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Help with new results please - relationship between thyroid and sex hormones?

Help with new results please  - relationship between thyroid and sex hormones?

Hi

I have been titrating NDT for a while now for Hashi's. Started very low and am now up to 1.5 grains. I took the Medichecks test early November when I was on 1 grain - so it looks like I am underdosed.

I am 48 years old- so likely pre-menopausal.

Last night the same pattern appeared - woke up at 4am (blood sugar / cortisol?). Didn't doze off again until 5.30am in which time I had a very vivid nightmare.

Could this be related to being underdosed? My mood, when my period started also dropped significantly, I just couldn't shift that feeling of being 'down'. 4 days into my period and it seems to have lifted a bit.

Can someone please explain the relationship between underactive thyroid and sex hormones? I can't figure it and am looking for a pattern.

I also went for an interview last week (the first in 2 years!), so it could be that which has triggered something with my adrenals - although last cortisol readings didn't indicate a problem (whereas it has been high for all readings a few months prior).

Or - I had a crown replaced at the dentist - another stress for my body.

It's so hard unpicking it all....

Many thanks

M

6 Replies
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mb008,

You were undermedicated on 1 grain. Most people optimally dosed on NDT will have TSH below 0.27 and FT3 in the upper third of range ie >5.5. FT4 will usually be low in range, sometimes below range. You can probably increase to 2 grains without overmedicating. Hold at 2 grains for 6 weeks before retesting.

I think it is overcomplicating things to look at interview and dentist stressors causing problems. If you were optimally dosed symptoms should improve.

Thyroid peroxidase antibodies are positive for autoimmune thyroid disease (Hashimoto's). There is no cure for Hashimoto's which causes 90% of hypothyroidism. Levothyroxine treatment is for the low thyroid levels it causes. Many people have found that 100% gluten-free diet is helpful in reducing Hashi flares, symptoms and eventually antibodies.

chriskresser.com/the-gluten...

thyroiduk.org.uk/tuk/about_...

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Are you strictly gluten free?

How about vitamin D, folate, ferritin and B12?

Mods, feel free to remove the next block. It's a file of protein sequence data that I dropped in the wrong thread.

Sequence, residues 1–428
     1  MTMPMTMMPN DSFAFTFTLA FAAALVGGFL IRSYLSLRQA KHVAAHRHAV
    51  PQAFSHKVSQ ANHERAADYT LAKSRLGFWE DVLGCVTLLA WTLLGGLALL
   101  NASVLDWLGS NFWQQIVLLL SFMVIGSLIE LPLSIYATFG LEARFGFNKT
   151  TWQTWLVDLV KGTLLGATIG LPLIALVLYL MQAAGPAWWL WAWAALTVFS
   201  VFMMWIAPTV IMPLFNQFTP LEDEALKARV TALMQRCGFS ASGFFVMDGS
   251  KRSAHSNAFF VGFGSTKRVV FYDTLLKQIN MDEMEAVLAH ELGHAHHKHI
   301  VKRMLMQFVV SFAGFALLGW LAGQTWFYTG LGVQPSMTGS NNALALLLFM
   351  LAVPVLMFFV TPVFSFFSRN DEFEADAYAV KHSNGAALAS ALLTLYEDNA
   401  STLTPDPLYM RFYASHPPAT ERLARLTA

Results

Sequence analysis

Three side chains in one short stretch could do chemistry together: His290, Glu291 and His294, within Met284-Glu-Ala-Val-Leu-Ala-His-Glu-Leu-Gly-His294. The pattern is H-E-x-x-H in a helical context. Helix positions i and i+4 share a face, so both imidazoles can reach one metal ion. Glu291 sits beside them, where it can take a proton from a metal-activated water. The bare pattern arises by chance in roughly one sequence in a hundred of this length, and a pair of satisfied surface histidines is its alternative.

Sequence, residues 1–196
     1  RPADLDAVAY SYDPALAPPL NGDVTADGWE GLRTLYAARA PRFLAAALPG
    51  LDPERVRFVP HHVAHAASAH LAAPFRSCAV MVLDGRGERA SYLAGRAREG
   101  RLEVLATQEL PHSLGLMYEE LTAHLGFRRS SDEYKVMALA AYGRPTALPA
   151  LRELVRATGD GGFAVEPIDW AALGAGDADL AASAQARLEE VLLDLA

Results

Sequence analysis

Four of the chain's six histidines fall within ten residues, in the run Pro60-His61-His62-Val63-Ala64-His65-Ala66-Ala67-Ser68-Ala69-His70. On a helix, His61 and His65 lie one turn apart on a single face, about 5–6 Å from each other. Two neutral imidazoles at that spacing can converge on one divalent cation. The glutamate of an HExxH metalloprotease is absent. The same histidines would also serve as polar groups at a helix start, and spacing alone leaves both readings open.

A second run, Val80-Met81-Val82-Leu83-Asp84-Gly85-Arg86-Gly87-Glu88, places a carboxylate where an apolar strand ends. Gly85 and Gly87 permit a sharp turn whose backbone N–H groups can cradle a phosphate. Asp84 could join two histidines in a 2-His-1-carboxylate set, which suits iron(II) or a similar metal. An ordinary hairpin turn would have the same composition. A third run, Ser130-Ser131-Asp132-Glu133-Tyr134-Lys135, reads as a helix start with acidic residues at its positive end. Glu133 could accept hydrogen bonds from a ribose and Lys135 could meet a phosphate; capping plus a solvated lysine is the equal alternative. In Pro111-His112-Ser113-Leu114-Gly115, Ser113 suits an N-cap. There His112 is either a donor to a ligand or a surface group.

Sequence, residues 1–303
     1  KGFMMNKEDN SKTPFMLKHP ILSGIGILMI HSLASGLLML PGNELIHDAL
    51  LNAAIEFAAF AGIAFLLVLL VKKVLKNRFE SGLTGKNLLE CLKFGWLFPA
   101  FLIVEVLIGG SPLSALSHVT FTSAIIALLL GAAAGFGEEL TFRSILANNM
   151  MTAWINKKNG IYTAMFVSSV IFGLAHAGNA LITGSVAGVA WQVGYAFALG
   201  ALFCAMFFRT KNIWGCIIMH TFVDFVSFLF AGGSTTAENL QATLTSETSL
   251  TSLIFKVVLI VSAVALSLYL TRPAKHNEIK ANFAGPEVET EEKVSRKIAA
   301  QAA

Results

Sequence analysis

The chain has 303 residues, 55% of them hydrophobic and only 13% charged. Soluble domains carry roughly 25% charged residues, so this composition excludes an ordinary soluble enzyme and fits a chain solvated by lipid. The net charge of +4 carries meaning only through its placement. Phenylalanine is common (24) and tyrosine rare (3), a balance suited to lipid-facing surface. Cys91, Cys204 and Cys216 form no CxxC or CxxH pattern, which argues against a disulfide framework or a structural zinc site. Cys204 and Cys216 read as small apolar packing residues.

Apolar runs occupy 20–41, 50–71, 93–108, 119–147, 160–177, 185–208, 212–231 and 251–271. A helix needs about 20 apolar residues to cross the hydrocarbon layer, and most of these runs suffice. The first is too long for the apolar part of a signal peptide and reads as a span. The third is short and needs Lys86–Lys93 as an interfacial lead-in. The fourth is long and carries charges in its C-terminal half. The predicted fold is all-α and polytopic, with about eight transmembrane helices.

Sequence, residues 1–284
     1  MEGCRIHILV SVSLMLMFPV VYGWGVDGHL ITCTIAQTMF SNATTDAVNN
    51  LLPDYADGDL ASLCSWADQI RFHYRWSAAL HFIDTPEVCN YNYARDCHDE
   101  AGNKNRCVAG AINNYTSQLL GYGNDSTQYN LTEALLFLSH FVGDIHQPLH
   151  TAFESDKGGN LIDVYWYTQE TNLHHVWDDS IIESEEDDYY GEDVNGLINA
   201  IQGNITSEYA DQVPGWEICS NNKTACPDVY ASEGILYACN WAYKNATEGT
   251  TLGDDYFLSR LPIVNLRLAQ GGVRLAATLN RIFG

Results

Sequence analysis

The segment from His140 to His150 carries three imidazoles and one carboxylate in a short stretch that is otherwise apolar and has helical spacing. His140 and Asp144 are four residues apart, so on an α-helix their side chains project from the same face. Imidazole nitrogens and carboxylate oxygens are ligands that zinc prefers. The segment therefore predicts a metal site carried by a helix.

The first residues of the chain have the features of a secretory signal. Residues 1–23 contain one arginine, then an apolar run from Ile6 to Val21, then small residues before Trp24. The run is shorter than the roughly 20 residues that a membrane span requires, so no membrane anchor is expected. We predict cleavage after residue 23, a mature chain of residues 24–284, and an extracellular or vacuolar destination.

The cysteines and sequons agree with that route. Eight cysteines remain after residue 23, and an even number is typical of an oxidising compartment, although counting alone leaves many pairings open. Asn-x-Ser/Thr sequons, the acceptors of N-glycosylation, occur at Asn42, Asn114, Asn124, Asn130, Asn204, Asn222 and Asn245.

Have these been tested recently, and do you supplement.

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Yes, strictly gluten free and have been for nearly a year now.

Supplement everything - as listed, but haven't been tested for a while. Also take Magesium, K2, Selenium.

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All hormones are intertwined.

If one is lacking body is trying to recoup with another putting strain on all.

You may be peri. Because of your age and also because of your strained thyroid.

Peri symptoms are same as full menopause I.e

Crushing fatigue

Back pain

Muscle joint pain stiffness

Sleep problem

Skewed periods

Bloating

Migraines

To name just a few. I had over 30. And all are similar to underactive thyroid - right?

If you're peri, your bloods won't show so you have to go by symptoms.

The only way to fix it and find out is to try HRT/ combined pill for few months to see if it makes you feel better.

But if your thyroid is lacking at the same time you need to address it quickly and see if there is improvement.

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I should add - bloods they do in NHS for meno won't show peri.

You can do egg reserve test which will show if your peri but you'll have to do it privately. Not sure if worth money if you're not trying for a baby. But if you want to and have money - go for it.

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Waking up at 4am I very much associate with adrenals. When I have this I am hungry, and I think it has something to do with the adrenals role to cover for low blood sugar late at night when all the food of the day has been used up. I now keep oatcakes by the bed and have a couple as soon as I wake up like this. I also have a snack just before bed so there's something in my stomach. Some people take an adrenal support drink before bed, of orange juice and salt.

I also feel being hypo really related to menstrual cycle. Sometimes my hypo symptoms are much much worse during periods. The two sets of symptoms blend into each other.

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